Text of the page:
“As we started jamming, we just had a good chemistry going,” he pointed out. “We had both played in heaps of bands before that that has been a four-piece up to a seven-piece, but as a two piece, it’s just simple. You get good communication going, and we just read each other well, and as the jams flowed, the songs evolved, and we could just go on a cool journey together. Then when a moment hit us, it was like a punch in the face. It was quite exciting to capture the sound as a two-piece; I’m just on guitar, so I have had to muck around a bit with my gear, but it has probably changed the way I write songs more than anything – or write a riff. I’ve had to adjust a few things live just to get a beefier sound because I love a big riff, and to get that big sound live, I’ve had to do a bit, but we work it, so it builds up and then it’s a bit of a rollercoaster ride. It will go up and down so when the up bits come in it sounds big and then the downer bits are a bit more mellow, which helps to emphasise the heavier bits in a way.”
So much so that Wright says despite pressure and general ribbing from their mates, he and Karl will likely continue with just the two of them and no vocalist.
“Going back to how it works so well as a two piece, everyone has been saying… we’ve had a few people offer to sing for us or play bass, and now it’s almost like we don’t want to cave. I hear melodies in my head when we are playing a song, and there’s always the idea of maybe getting in a few guests here and there to start singing and spread the love a bit and get other people involved. I guess with singing for us, once someone starts singing it can also pitch your style and sound so with no vocals we are sort of open to interpretation more in a way. It can be heavy or a dancier groove. Like Josh Homme said: ‘heavy enough for the boys or sweet enough for the girls.'”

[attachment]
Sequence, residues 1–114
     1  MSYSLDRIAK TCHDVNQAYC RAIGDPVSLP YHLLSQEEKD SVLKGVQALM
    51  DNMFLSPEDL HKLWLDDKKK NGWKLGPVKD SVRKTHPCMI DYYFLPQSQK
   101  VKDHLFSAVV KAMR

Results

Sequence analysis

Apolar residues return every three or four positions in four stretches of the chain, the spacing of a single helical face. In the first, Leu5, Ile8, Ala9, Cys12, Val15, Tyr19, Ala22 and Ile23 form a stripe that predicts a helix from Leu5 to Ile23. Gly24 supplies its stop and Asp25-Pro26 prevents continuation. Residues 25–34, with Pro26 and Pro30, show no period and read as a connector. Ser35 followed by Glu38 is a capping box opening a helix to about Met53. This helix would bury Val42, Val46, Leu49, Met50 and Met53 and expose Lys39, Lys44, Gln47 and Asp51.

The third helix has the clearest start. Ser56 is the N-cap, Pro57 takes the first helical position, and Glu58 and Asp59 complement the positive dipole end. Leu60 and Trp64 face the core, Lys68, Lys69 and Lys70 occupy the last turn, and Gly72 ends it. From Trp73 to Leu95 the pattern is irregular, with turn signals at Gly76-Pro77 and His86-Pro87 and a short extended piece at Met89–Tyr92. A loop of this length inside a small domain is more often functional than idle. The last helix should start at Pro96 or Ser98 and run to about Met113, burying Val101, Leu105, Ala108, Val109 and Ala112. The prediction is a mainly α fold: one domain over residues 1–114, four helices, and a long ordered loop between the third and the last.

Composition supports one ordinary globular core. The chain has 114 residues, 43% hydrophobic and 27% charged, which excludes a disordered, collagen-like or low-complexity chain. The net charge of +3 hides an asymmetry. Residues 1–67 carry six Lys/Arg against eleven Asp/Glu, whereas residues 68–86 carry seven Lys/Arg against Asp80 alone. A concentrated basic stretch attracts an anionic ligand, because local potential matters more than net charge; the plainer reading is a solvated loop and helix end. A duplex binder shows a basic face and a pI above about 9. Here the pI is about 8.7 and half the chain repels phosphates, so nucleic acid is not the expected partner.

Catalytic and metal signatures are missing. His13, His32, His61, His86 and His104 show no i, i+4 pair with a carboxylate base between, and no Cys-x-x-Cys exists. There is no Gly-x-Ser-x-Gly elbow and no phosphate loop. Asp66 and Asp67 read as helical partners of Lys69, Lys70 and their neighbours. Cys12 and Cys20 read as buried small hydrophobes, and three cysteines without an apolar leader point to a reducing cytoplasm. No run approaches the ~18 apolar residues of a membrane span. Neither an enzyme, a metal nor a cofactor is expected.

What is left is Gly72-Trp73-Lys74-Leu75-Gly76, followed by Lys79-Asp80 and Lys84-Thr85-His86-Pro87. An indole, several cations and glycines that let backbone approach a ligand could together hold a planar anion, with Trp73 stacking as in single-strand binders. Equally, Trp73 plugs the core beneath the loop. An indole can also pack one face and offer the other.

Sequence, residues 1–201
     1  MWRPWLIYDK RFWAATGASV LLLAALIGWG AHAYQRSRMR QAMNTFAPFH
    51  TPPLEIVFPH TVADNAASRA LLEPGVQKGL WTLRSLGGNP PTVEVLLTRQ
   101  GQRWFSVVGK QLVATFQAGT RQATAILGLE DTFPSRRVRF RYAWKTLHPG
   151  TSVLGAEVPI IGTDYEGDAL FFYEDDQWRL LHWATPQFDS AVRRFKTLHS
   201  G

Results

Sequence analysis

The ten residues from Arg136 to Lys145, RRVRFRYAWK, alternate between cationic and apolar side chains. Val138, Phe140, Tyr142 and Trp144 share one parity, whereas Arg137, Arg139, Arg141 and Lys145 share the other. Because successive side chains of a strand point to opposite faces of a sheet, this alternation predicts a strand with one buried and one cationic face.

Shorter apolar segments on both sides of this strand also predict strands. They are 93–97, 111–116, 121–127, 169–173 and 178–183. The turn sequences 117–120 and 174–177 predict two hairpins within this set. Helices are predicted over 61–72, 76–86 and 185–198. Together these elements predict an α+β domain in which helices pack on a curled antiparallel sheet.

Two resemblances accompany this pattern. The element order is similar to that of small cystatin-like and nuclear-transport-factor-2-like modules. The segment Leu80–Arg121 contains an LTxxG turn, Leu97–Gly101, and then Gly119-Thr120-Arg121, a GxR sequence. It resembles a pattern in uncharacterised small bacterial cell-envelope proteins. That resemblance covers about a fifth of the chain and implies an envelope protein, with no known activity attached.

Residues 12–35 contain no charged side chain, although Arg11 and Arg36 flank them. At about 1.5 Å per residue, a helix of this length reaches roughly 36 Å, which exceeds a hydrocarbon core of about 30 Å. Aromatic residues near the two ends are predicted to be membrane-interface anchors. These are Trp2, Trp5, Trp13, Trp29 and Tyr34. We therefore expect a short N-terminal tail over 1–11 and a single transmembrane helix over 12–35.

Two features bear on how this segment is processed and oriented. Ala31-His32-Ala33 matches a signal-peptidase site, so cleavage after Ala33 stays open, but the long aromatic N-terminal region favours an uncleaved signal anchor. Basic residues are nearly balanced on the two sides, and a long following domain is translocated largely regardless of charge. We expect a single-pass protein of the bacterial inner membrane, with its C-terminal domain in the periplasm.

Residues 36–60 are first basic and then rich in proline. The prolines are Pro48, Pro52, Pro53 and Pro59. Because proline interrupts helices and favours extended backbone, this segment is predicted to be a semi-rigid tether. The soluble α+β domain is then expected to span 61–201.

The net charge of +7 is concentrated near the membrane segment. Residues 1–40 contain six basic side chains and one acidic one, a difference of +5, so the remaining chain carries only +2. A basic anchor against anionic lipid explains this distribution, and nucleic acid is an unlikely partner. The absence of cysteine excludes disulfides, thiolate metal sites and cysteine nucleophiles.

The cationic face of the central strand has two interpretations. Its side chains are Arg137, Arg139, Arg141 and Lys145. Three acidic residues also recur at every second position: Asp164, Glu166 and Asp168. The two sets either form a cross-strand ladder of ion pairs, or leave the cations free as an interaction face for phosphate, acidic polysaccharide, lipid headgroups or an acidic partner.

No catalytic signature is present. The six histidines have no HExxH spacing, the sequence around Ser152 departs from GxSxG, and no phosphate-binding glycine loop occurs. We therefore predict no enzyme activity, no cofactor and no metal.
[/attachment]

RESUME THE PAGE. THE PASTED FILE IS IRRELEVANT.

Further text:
Coming into a saturated music market is growing increasingly difficult in the modern era, and Wright admits that Smoke Witch has felt the pressure.
“Over the years playing getting people to your shows is always hard,” he conceded. “There are so many awesome bands out there which are a good thing. We’re spoilt for choice in Melbourne, it’s unreal, but I suppose there’s also all that other shit getting around now like digital and the live scene is really dying in a way. This is just my side of it, but I suppose getting recognized is always hard for a new band.”
In this modern age of disposable music, simply getting the attention of the music loving public is hard enough in itself, and keeping it is even more difficult. A band has to stay focussed and try to maintain some sort of X-factor, and Wright agrees that finding that can be at times frustrating and at others near impossible.
“From the guitar side, I try to keep things different but also something you can relate to as well,” he said. “I don’t like to do the same shit over and over, but at the same time, you need that bit of repetitiveness for people to get into. From the songwriting side of it, you have to keep things fresh but in terms of as a band; Karl has been unbelievable with setting us up and getting us out there. He has an artistic background and is a creative freak, so he’s been the wizard behind the witch (laughs). As a two-piece without vocals or bass, we have created a visual thing live as well. We try to make it a bit of a journey for the viewer; not just about the music. We’ve been adding a backdrop in with old chopper footage like motorbikes and trippy colours and lights going with a smoke machine, all that classic stuff. It seems to work well with our sound.”